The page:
Almost anyone knows that the solo ads are the best form of ezine advertising. However, many marketers have only some vague ideas on how to properly use them. Some of them understand that something is wrong in what they did only after they failed. Others never understand the reality (it’s easier to blame all the other people but not themselves!)
Today’s article is a mini-guide for email advertisers looking to improve the results of their solo advertising campaigns. For an easier reading and understanding, the essential principles I will talk about today are shown in a Q & A (Questions & Answers) format.
Q: Paid vs. Free Solo Ads. Why should I pay for a solo advert if there are so many places (safelists, text ad exchanges) where I can get them for free?
A: Why do you think that so many online businesses fail? No offence, but where there is a crowd there are also a lot of losers. Choose your model carefully and don’t lose contact with the real world.
When was the last time when a stranger gave you something valuable for free? … No one gives away something really valuable. No one. Most of the online freebies value exactly what you pay for them (nothing, to be more specific). If you have something of value, what do you do with it? Do you keep it for yourself or your family, do you sell it, or do you give it away to a stranger?
Q: Where shall I buy solo ads from? Can you recommend a responsive newsletter or a good email marketing service? Shall I type “solo ads” in my favored search engine and buy from the places listed on the first page?
A: All such approaches are wrong. First you need to understand the difference between targeted and untargeted advertising…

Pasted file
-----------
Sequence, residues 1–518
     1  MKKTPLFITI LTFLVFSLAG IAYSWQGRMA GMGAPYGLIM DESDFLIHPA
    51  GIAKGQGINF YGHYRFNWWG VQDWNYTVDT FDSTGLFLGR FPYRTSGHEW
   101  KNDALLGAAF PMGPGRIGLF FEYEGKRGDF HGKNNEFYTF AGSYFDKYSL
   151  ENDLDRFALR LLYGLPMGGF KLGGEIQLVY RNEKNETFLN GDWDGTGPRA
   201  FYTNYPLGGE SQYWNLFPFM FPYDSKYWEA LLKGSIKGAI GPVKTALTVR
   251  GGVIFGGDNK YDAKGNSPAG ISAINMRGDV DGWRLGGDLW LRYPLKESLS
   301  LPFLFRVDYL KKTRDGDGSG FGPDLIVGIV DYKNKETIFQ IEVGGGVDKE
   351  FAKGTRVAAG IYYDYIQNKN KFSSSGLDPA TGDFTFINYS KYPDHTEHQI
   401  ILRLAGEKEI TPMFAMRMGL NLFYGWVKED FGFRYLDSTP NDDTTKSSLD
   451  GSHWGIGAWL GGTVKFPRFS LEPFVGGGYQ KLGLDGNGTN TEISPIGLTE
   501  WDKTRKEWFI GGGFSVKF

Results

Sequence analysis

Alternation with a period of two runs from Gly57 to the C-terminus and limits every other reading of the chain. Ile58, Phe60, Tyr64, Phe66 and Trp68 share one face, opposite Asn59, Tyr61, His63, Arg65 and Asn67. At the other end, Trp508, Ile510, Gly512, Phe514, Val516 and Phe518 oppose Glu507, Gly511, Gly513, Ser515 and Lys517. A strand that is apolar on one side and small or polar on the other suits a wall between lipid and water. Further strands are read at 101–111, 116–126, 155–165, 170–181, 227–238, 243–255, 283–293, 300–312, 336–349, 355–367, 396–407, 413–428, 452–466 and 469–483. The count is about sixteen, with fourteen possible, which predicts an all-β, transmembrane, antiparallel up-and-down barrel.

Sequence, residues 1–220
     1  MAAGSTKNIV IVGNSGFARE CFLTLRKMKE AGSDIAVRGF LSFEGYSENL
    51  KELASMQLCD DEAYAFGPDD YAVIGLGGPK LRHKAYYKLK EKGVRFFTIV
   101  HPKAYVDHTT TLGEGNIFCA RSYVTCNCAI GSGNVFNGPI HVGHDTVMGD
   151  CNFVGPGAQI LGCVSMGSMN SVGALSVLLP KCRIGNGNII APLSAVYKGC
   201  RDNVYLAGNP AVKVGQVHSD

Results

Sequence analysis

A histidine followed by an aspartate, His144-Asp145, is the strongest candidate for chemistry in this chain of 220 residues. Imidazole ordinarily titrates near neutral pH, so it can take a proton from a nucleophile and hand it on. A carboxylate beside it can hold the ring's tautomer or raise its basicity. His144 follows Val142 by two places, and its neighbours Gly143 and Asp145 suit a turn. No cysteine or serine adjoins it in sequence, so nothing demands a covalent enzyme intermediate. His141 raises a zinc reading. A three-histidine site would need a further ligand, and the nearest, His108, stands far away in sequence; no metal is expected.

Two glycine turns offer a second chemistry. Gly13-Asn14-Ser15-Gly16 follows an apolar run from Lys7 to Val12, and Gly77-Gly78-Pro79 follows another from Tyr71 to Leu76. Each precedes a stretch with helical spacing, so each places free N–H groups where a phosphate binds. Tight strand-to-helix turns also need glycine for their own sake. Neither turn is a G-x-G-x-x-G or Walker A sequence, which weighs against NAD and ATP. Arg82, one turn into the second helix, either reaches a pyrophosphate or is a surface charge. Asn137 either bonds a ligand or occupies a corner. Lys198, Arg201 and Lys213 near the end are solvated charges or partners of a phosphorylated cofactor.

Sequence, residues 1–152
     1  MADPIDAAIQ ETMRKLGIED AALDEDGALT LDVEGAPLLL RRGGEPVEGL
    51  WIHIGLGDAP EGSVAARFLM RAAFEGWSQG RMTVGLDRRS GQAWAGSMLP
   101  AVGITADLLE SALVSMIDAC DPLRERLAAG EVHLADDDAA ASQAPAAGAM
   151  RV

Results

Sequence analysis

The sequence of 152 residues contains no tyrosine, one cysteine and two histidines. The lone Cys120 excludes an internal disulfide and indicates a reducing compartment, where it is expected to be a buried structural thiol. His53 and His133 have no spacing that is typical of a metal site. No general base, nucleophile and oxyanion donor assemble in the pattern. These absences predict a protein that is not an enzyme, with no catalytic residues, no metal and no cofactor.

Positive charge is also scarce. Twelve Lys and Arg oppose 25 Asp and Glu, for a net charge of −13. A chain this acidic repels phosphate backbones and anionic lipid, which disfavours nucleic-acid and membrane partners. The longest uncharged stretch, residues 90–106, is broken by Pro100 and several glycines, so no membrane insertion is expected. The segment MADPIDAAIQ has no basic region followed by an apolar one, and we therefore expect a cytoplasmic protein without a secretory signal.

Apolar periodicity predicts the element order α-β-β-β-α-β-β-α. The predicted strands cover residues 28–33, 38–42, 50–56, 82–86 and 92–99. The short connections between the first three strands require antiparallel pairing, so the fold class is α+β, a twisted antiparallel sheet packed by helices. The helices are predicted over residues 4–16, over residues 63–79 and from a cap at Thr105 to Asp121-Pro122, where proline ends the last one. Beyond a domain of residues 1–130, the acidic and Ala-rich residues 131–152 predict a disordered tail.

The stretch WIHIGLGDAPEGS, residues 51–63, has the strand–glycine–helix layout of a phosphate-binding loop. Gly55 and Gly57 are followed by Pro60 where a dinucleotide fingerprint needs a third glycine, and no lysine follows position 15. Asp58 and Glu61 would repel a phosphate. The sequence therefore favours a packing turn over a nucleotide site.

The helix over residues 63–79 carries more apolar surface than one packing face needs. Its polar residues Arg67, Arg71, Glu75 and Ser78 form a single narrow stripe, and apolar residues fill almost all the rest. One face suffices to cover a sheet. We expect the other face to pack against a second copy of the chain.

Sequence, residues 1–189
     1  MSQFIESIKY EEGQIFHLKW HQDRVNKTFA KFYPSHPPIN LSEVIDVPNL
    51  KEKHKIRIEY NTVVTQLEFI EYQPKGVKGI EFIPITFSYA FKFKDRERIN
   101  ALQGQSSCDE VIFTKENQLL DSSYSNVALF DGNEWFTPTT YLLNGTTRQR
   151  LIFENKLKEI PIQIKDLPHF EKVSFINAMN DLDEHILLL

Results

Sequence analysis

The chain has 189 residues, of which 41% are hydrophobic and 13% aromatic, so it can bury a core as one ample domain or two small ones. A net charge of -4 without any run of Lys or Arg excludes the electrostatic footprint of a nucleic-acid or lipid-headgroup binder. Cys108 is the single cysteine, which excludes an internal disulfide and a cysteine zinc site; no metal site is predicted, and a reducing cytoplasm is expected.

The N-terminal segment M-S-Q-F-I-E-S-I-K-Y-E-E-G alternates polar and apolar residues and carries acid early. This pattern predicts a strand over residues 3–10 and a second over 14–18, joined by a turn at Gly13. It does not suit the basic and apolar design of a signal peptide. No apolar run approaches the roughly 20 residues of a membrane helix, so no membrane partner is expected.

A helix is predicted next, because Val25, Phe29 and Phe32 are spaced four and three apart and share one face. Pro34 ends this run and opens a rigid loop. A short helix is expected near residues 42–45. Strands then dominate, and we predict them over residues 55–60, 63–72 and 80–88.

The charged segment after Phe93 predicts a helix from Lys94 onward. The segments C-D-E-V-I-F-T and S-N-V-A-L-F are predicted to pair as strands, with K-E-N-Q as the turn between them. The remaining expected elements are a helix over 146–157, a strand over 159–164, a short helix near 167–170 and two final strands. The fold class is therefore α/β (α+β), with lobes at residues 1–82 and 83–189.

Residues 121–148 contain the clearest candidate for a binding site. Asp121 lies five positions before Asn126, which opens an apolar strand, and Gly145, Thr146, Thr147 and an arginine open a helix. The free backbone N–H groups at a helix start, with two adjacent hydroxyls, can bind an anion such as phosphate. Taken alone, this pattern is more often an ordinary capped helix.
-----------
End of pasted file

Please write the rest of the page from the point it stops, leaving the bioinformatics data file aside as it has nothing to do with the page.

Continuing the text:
Let’s say that you want to promote the latest SF book you wrote. If you promote it in a newsletter distributed to the members of the association “We hate books”, then you will fail. That’s not targeted advertising, neither untargeted advertising, but dumb advertising. If you promote it in a health newsletter, then you shoot in the dark. The people have subscribed to that newsletter because they want to get health info. Some of them may like to read a book from time to time, others may hate books. You don’t have a clue. What you know for sure about them is that they want something you do NOT offer (health info). That’s untargeted advertising. Finally, if you promote your book to the newsletter distributed to the members of the association “We love SF” … then it’s obvious that you have serious chances to sell your book. That’s targeted advertising.
Now let’s come back to the original questions…
I don’t know what you will promote tomorrow, neither what you will promote next week. If I recommend you a very good health newsletter and you’re gonna promote your SF book, will this help you in any way? Nope …
If you type that keyword in your search engine, what results will you get? The best newsletters in the niche you’re interested in? No way. You’ll get a list of sites arranged by that search engine using a formula that does NOT involve factors like the quality or the topic of the newsletter.
Then … What to do? Be specific, refine your research and always look for ezines that have the same topic like the product or service you plan to promote.
Q: I’m not interested in reading the newsletter I plan to publish my ad in. Shall I waste my time and subscribe to it?
A: That’s a must. You’re not wasting your time, you’re avoiding a potential failure. What if that newsletter doesn’t exist? Or what if only poor quality content is published there? What if the subscribers are bombarded with ads? What if …
You’ll never find the answers to these questions and many others unless you subscribe and read the newsletter. Then decide whether you place the order or not.
To Your Success!
P.S. Looking to improve your solo ads results? You don’t wanna miss the Ultimate Guide to Solo Ads… Go and get your copy NOW!